The constant barrage of ethical violations streaming from all corners of society is truly overwhelming. It seems that we’re so desensitized to these events that they no longer shock us, until they impact us personally.
Politicians, Presidential appointees, big business, judges, Wall St. Banks, and Ponzi scheme architects are recent examples of major ethical violations. If you are not offended, you’re probably not paying attention.
If it seems like everyone is doing it, then what about your financial planner? This is the person that you trust with your intimate personal information. You must expect the highest standards of ethical behavior from these professionals because they are directing your money, and in some cases handling it personally.
The CFP Board, Inc, one of the leading certification organizations in the industry, sets high ethical standards. They maintain a code of ethics and practice standards that each certified financial planner is held to. Complaints are taken seriously. Disciplinary action can include revocation of certification, if violations are identified.
How do you know you are dealing with an ethical financial planner? Listed below are 4 documents that you should expect from any reputable professional:
Form ADV. This is a comprehensive information disclosure statement that is prepared by your financial planner and submitted to the Securities and Exchange Commission, or State equivalent. It holds information that you need to know the answers to. It has the education, certifications, investments, fee structure, investment strategy, and methods of analysis of the planner. Importantly, the planner must declare any legal issues they are experiencing, and any conflicts of interest. This will help to identify the character of the person that may be handling your money.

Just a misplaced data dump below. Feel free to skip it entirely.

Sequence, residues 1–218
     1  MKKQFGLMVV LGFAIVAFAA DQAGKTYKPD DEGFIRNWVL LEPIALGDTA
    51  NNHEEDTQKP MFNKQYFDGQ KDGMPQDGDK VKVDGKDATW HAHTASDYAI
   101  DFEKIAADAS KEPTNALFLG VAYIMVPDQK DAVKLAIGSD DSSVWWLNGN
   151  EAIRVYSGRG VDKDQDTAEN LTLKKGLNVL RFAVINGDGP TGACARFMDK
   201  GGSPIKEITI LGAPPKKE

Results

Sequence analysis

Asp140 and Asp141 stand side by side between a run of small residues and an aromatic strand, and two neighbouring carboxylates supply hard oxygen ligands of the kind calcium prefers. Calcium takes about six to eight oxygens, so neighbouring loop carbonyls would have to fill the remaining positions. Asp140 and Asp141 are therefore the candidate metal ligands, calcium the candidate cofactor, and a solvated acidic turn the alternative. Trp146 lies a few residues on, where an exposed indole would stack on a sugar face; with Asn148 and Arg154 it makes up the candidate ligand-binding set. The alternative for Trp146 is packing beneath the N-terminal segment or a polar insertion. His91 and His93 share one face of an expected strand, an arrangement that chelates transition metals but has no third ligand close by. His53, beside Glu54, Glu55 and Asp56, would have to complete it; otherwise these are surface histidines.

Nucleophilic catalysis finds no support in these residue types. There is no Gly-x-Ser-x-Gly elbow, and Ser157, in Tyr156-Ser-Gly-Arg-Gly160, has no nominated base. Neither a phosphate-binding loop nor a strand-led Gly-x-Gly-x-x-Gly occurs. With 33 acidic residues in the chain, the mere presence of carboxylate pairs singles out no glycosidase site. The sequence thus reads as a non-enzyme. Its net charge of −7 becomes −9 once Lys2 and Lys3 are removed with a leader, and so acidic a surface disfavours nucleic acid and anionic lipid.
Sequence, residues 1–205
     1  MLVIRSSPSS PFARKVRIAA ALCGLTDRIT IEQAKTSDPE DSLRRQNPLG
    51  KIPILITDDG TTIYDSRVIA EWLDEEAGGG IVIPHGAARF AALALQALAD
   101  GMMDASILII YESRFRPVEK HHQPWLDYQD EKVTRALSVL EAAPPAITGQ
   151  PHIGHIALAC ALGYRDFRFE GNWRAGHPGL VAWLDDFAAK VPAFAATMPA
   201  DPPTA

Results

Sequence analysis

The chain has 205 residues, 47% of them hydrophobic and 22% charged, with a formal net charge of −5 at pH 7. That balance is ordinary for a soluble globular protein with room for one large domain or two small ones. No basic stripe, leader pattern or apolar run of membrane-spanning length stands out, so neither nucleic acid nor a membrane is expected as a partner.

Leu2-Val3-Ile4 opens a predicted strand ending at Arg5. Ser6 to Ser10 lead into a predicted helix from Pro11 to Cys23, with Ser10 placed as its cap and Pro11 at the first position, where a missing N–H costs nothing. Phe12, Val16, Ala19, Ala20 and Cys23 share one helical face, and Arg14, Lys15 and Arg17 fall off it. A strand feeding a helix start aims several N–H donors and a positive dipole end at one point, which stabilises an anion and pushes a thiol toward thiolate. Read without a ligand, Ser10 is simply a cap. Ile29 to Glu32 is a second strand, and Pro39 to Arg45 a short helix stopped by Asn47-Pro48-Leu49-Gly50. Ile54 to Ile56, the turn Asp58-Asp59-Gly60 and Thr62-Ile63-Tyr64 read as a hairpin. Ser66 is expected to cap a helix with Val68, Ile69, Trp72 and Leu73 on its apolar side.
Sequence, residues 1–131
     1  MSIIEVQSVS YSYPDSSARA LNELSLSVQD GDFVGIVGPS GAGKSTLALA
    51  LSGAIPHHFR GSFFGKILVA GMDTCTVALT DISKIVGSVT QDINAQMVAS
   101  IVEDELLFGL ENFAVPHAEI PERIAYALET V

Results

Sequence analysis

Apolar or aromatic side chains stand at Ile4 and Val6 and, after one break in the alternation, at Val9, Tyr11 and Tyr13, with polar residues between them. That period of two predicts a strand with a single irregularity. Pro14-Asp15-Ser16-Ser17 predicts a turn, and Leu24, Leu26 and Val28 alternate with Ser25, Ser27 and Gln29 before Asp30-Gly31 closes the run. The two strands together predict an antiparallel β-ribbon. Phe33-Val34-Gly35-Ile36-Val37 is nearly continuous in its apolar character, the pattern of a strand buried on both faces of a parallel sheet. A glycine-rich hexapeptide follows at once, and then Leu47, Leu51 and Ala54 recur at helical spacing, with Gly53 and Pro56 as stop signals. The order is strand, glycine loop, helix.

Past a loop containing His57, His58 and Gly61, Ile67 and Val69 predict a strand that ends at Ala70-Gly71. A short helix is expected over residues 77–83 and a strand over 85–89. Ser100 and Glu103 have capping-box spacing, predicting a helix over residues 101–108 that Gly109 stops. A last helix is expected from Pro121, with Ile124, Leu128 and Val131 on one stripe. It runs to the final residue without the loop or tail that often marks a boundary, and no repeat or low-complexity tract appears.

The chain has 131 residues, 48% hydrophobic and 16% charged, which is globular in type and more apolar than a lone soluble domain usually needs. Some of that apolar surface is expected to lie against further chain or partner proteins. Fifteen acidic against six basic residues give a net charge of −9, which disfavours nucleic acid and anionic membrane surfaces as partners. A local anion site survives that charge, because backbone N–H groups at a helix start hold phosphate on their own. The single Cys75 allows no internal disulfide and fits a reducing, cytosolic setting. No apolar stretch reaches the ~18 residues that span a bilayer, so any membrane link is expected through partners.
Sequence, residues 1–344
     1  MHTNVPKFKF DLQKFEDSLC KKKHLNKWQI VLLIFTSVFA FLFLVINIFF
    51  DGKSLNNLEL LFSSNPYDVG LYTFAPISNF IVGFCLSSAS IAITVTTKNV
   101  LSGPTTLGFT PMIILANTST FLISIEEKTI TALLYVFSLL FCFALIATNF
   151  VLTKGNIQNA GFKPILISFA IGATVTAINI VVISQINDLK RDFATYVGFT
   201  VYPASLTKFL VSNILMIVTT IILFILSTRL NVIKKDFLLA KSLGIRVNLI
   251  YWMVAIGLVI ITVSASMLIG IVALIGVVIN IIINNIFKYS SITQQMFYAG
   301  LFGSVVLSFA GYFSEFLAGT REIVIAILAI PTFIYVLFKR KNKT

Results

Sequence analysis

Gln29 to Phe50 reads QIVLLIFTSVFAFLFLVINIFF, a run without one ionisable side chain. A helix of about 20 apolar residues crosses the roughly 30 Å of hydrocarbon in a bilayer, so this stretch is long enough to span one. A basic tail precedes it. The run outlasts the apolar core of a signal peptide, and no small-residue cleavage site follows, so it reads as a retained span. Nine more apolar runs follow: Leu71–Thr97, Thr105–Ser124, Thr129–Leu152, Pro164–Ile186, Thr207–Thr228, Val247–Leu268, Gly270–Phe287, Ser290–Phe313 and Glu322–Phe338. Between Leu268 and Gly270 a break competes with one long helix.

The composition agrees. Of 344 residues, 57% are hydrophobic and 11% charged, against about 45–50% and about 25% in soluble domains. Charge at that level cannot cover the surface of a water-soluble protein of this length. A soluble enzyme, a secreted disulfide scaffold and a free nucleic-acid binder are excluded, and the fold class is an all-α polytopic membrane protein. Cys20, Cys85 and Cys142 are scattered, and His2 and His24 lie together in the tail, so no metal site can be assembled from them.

Letter of Engagement. This is basically a contract between you and your planner. It identifies the scope of the planning services to be performed and an estimate of the costs that you can expect, and when these are to be paid. It also identifies what your obligations are with respect to information that you must provide so they can prepare a relevant plan.
Ethics / Integrity Statement. Any financial planning organization that is dedicated to working with you over the long-term will have a vision, mission, and statement of core values. Here is where you should expect to read about their commitment to the highest ethical standards. It should give you the warm and fuzzies, but it’s important to have it in writing. You must have this documented, to protect yourself.
It is very reasonable to expect to see all these documents before engaging in a financial planning relationship. The Form ADV is comprehensive and may be 70 pages long. But it will raise any red flags that may make you uncomfortable. Check with your City courthouse to investigate any legal action that may have been filed against a planner. The CFP Board, Inc may also have a history of disciplinary action that you should be aware of.
You really can’t be too careful when evaluating your financial planner. It’s your money at risk and there are many financial planners to choose from, so be choosy.